• White River State Park White River State Park


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Mission Statement

As America's only urban cultural state park, we serve as a diverse resource through the preservation of greenspace, waterways, nature, education, culture, and entertainment destinations that benefit the lifestyles of the community. Welcome to White River State Park, where there's more to do than YOU ever knew!



Located in downtown Indianapolis, one block from the State Capitol, the Indiana Convention Center, less than 1/2 mile from Lucas Oil Stadium (Indianapolis Colts), within walking distance of restaurants, hotels, and shopping, Indiana's first and only urban state park is very unique!

In addition to the abundant green spaces, trees, water ways, walkways, and trails you may find in a typical state park, White River State Park features a variety of world-class cultural, recreational, and educational attractions and experiences for people of all ages to enjoy.

Just a few of the opportunities in the Park include established favorites like the Indianapolis Zoo, the Eiteljorg Museum of American Indians and Western Art, the NCAA Hall of Champions Museum, the state's largest IMAX Theater, plus the dynamic new Indiana State Museum. Over 3.5 million people collectively visited the Park and its attractions in 2008!


Current Park venues, attractions, and programming:

- Congressional Medal of Honor Memorial

- Eiteljorg Museum of American Indians and Western Art

- IMAX Theater

- Indiana State Museum

- Indianapolis Indians AAA Baseball @ Victory Field

- Indianapolis Zoo & White River Gardens

- The (Governor's) Lawn @ White River State Park (Indy's Premiere Outdoor Concert Venue)

- NCAA Hall of Champions Museum & NCAA Headquarters

- Historic Pumphouse (White River State Park Administrative Offices)

- National Federation of High Schools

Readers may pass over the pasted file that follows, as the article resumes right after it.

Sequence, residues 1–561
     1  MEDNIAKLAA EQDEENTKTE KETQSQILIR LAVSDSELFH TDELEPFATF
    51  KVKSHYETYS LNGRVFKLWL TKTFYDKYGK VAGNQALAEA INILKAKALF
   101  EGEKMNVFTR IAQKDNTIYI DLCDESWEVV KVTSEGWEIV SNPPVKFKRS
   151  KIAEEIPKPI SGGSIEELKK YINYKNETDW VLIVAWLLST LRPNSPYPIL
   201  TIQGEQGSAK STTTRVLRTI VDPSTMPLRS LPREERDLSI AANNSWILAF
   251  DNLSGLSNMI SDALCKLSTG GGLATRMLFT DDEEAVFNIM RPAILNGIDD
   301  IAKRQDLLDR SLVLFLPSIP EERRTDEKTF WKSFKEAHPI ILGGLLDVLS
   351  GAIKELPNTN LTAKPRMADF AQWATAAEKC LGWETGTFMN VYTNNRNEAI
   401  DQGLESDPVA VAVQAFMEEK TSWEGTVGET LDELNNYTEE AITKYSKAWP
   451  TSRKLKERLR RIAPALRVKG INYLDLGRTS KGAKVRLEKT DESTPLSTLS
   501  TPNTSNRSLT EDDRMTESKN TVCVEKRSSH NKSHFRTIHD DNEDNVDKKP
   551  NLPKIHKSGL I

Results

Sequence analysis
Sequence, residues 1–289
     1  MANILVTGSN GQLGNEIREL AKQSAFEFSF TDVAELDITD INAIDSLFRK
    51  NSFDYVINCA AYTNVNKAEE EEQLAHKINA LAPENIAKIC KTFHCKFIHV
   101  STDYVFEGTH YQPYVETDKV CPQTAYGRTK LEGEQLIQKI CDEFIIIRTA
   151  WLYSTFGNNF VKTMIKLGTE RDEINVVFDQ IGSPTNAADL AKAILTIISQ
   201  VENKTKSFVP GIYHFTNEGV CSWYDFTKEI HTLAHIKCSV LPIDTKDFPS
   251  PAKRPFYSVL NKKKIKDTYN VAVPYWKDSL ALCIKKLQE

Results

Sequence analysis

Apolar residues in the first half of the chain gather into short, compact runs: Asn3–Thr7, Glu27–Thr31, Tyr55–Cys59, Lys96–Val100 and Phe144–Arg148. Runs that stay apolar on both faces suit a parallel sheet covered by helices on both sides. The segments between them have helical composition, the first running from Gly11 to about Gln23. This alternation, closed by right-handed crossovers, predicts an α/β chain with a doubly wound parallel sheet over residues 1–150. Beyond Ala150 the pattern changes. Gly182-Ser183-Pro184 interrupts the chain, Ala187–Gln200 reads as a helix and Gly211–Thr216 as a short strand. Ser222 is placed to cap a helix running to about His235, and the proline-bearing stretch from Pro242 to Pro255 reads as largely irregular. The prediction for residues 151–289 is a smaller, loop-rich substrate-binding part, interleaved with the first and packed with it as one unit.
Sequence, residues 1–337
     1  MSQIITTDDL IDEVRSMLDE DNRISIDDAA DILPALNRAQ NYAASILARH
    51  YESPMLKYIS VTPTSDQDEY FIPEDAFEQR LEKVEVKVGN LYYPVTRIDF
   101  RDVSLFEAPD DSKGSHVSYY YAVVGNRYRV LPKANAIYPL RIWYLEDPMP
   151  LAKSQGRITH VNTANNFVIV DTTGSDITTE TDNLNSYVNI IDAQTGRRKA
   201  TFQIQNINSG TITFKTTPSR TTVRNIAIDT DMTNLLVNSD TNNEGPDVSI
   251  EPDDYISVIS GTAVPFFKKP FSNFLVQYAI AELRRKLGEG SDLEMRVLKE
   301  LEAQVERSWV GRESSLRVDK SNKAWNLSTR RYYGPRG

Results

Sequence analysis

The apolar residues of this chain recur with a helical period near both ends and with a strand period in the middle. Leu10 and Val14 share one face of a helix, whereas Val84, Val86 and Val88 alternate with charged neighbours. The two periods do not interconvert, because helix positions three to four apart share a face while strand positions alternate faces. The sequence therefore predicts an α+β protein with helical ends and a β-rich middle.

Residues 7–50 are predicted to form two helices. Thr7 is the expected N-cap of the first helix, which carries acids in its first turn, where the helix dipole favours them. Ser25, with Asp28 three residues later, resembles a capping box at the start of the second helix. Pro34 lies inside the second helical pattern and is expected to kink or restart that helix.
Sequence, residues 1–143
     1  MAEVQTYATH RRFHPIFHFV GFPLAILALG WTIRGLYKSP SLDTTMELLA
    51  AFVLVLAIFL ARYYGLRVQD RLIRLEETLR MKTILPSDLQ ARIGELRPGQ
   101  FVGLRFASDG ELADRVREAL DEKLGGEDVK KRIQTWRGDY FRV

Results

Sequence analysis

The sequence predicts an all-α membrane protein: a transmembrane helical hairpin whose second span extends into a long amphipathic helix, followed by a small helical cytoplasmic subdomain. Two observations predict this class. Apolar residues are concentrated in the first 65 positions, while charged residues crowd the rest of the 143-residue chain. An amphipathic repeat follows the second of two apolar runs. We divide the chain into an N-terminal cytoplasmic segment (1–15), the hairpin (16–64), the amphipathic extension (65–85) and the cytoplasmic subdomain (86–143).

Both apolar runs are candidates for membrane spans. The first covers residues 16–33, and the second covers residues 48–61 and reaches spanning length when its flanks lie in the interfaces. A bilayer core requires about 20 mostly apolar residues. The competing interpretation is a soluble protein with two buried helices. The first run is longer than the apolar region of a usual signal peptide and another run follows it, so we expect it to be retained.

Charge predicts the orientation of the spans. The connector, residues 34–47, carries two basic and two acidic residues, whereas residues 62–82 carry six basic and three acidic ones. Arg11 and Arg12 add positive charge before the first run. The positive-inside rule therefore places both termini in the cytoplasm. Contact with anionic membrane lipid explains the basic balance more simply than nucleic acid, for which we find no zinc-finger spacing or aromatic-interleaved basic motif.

- White River State Park Visitors Center

- (FREE) Wi-Fi @ White River State Park

- Segway of Indiana Tours @ White River State Park

- Wheel Fun Rentals (Unique Bike & Boat Rentals)

- Celebration Plaza & (White River) Amphitheater

- Children's (Play) Maze

- FREE Family Arts Series @ White River State Park

- Historic Central Canal

- The Oval

- Memorial Overlook

- Military Park

- Renovated "Old" Washington Street Pedestrian Bridge

- Art Sculptures in the Park

- Waterfront Project

- (White) River Promenade

Park projects under construction or in the design stage:

- Indiana Cross Country Arena @ White River State Park (Estimated Grand Opening in 2010 Season)

- Indianapolis Cultural Trail @ White River State Park & Historic Central Canal Cultural District (Estimated completion by 2010)


Visitors to White River State Park enjoy some of the most convenient parking in Indianapolis. An underground garage - cool in the summer, warm and dry in the winter - in front of the Eiteljorg Museum and Indiana State Museum offers 829 parking spaces. Additional parking for buses, visitors and Indianapolis Indians' games is available on the south surface lot across from Victory Field (next to the Park's Visitors Center and off of Washington Street & Schumacher Way).

The Indianapolis Zoo also has 1800 parking spaces available for most visits.

During large events and festivals in the Park, the State of Indiana Garage on the corner of West Street and Washington Street is also open to the public. Fees may be assessed at any of the lots mentioned.


Congressional Medal of Honor Memorial

The nation's first memorial dedicated to recipients of the Congressional Medal of Honor - our nation's highest award for military valor - was dedicated on May 28, 1999, at a ceremony attended by one of the largest-ever gatherings of Medal of Honor recipients.